Video Rating: 5/5 3D Rating: NA
This 2.40:1 1080p high-definition transfer employs the AVC codec and is simply gorgeous throughout. The images are very sharp and highly detailed, with strong, accurate colors. Black levels are solid, contrast is very good, and shadow detail is outstanding. The excellent cinematography is by Barry Ackroyd, who previously worked with Paul Greengrass on United 93 and Green Zone, and who was nominated for an Academy Award for his work on The Hurt Locker.
Audio Rating: 4.5/5The 5.1 DTS-HD MA audio superbly complements the wonderful picture quality. The sound of automatic weapons, the launching of flares, the pounding surf and the sound of Navy ships all come to life in this excellent soundtrack. Dialogue is clear and understandable throughout, and English subtitles pop up whenever the Somalians speak in their own language. The music is by composer Henry Jackman, who is reportedly a protégé of Hans Zimmer.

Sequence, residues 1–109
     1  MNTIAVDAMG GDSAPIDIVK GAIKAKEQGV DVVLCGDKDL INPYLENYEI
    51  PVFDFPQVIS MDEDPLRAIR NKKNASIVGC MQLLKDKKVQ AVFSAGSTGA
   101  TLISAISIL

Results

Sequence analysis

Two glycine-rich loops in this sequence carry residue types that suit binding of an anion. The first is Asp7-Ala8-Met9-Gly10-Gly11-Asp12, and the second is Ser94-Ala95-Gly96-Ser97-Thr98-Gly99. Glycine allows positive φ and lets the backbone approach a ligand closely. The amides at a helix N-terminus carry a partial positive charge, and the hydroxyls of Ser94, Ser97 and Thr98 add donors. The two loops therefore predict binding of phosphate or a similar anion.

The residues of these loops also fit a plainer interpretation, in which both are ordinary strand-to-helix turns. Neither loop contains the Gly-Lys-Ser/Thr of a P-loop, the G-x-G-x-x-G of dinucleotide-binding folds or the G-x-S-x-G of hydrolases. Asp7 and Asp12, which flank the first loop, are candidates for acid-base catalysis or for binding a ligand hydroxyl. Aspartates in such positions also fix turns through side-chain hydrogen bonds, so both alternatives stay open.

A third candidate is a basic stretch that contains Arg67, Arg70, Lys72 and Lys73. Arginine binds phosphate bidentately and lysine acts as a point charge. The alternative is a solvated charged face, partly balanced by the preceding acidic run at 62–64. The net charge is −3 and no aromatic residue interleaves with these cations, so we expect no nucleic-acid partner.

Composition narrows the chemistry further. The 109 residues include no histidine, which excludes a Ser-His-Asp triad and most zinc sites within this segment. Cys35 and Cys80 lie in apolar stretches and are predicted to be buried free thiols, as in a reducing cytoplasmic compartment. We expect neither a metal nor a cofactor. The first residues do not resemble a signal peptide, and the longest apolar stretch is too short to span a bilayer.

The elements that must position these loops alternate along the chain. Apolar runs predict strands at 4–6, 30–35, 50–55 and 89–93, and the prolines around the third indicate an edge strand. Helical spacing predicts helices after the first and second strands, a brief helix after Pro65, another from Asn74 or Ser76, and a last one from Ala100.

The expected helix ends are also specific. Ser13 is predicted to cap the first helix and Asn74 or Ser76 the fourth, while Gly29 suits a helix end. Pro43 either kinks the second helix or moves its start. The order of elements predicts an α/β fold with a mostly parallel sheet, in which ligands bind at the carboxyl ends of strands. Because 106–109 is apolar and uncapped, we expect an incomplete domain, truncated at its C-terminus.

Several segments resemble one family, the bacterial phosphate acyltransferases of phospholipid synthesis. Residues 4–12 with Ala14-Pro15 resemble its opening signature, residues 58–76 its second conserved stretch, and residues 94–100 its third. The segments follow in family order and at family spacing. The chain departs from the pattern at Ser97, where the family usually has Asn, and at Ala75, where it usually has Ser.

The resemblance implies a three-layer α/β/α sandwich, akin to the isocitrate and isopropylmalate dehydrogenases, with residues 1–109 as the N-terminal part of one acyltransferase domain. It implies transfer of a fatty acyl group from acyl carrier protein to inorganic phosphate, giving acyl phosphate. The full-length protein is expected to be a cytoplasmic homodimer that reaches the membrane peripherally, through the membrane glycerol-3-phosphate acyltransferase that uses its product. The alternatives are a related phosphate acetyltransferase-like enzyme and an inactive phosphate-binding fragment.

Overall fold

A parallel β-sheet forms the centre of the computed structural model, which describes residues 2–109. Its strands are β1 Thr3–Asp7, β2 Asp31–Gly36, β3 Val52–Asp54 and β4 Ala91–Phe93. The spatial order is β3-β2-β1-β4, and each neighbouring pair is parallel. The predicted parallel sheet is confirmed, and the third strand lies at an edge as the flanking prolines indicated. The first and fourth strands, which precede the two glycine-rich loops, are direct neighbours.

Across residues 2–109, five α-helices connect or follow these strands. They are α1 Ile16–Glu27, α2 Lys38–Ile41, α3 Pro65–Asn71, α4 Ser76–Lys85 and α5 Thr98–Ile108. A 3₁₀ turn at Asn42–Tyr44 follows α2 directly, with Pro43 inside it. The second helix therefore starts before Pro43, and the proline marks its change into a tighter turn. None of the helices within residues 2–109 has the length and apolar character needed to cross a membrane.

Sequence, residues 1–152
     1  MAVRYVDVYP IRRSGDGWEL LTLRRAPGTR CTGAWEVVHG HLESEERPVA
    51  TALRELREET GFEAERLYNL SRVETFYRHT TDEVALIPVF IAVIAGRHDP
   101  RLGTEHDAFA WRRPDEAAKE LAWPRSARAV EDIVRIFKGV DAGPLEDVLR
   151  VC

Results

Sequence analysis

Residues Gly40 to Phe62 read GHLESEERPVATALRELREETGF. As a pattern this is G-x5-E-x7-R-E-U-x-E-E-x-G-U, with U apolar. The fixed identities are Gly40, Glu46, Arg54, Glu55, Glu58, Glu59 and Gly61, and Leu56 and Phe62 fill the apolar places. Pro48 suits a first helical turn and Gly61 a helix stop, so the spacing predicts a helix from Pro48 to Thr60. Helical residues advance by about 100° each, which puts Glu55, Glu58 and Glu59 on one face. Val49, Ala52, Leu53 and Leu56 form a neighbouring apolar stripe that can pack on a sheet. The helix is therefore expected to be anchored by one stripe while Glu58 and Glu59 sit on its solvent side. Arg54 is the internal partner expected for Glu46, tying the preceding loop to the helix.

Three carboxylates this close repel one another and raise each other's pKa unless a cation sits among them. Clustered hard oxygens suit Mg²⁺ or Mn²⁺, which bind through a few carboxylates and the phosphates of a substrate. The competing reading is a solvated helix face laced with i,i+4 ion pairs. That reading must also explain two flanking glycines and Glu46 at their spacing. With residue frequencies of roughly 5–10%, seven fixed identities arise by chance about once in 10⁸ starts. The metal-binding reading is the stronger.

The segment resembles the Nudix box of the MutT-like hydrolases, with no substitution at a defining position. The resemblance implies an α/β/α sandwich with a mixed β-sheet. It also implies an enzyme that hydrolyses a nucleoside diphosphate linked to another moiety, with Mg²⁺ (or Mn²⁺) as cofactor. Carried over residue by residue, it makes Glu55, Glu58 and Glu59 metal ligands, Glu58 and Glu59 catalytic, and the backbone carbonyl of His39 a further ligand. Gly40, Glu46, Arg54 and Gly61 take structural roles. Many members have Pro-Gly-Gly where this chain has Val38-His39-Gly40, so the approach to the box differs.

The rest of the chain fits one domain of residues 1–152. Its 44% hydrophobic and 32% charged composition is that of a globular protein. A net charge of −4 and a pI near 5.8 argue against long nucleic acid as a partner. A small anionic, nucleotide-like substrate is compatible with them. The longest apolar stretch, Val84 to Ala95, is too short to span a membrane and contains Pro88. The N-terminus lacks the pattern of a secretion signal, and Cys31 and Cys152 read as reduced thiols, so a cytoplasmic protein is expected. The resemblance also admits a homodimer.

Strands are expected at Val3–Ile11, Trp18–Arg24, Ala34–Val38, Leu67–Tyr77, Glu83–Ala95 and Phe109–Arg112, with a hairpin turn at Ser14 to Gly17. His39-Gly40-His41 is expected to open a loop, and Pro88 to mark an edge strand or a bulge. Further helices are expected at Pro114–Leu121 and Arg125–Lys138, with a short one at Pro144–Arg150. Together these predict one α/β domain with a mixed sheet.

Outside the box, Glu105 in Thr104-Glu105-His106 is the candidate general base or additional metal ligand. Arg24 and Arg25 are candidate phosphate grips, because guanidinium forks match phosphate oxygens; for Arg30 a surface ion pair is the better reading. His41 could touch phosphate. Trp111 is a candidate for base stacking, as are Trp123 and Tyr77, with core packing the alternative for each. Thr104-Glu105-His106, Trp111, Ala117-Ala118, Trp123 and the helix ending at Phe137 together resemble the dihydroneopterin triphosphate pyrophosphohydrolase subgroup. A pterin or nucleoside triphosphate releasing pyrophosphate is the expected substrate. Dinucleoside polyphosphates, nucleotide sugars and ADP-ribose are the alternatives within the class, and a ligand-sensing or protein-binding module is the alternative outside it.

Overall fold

Special Features: 3/5The extras on this Blu-ray release are not plentiful, but what is there is very good.
A commentary track by the idiosyncratic director Paul Greengrass provides interesting insights in the making of the film.
"Capturing Captain Phillips" is broken down into three parts and is a fascinating look at the real story, interspersed with an examination of the original approach which director Greengrass brings to his films. The total running time is 58 minutes and it includes excerpts of from news coverage of the hijacking, as well as comments by the real Captain Phillips and his wife.
The Blu-ray set also comes with a DVD of the film and an UltraViolet code which is good until 12/31/2017.
Sony has included previews of American Hustle, The Monuments Men, Last Vegas, Inside Llewyn Davis, and The Armstrong Lie.
- Sam Posten likes this